Libraries build and make accessible varied non-book collections including music and DVD collections, databases, photography collections; local history resources and artefacts; digital resources both local and general; visual art collections; musical instrument collections; games and toys.
Libraries broker cultural events and activities
Libraries are actively engaged in initiating and running writers’ festivals, exhibitions, performances, poetry slams, craft and maker activities.
Libraries provide meeting spaces
Libraries provide space and facilities for community and interest groups of all kinds; from knitters to Shakespeare enthusiasts, business and political groups, local history and genealogy groups.
Libraries provide performance and exhibition spaces
Libraries nurture cultural expression by providing spaces for exhibitions, including the works of local, regional and international artists; they exhibit their own art collections; host music recitals, storytelling events, theatre and acrobatics; produce and display visual, fibre and word-based arts.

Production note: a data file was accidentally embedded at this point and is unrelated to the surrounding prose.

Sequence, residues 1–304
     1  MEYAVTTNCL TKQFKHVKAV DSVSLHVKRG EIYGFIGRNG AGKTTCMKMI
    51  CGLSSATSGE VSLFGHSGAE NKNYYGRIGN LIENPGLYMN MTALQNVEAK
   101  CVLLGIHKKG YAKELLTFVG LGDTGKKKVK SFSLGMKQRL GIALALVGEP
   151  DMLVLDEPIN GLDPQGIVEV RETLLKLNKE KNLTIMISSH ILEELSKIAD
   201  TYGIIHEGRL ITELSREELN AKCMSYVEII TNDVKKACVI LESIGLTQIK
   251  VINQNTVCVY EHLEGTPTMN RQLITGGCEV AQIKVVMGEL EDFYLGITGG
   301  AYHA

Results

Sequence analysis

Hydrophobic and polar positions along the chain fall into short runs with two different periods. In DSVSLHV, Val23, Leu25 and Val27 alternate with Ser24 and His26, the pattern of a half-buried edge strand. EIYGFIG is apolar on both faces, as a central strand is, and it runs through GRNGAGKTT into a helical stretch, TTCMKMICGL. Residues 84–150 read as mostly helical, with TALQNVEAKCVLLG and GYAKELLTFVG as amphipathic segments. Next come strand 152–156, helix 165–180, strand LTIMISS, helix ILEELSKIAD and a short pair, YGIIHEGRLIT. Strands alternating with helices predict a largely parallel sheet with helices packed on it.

Libraries provide outreach services
Libraries are looking for new ways to connect with both new and established community groups, and to actively respond to ideas from the community. The evidence shows that they are energetically partnering with other agencies like Neighbourhood Houses, multicultural
groups and other cultural institutions to deliver a range of events and activities.
Libraries have extensive networks and share knowledge across regions, states and countries